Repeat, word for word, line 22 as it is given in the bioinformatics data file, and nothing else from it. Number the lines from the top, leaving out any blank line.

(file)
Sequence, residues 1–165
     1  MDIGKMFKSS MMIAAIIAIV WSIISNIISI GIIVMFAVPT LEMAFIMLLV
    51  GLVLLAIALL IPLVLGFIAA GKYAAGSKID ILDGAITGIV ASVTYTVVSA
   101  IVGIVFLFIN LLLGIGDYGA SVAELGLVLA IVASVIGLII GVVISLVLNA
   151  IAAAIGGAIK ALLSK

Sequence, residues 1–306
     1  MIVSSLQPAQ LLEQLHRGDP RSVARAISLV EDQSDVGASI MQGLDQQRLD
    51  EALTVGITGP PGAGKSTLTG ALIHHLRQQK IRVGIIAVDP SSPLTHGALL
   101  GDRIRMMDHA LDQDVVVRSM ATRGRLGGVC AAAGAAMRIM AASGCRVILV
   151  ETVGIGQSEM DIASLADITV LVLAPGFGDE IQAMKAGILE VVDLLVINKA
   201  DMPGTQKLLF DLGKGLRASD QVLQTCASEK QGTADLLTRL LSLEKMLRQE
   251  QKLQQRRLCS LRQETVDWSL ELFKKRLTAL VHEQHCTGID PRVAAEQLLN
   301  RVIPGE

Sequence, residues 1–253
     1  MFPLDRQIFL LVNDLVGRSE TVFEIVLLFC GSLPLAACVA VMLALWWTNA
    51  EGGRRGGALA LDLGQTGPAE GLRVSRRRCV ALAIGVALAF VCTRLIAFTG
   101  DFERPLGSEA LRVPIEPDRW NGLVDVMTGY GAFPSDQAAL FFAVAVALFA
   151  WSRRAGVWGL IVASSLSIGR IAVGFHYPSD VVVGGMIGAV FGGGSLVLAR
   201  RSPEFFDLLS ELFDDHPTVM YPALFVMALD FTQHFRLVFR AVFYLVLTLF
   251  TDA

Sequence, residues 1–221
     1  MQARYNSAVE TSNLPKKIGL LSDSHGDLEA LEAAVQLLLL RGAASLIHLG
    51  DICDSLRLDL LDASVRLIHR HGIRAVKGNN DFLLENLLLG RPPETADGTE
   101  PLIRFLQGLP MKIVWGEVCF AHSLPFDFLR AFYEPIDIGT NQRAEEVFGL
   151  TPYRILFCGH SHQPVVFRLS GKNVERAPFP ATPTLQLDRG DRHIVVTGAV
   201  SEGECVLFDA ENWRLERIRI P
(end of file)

     1  MQARYNSAVE TSNLPKKIGL LSDSHGDLEA LEAAVQLLLL RGAASLIHLG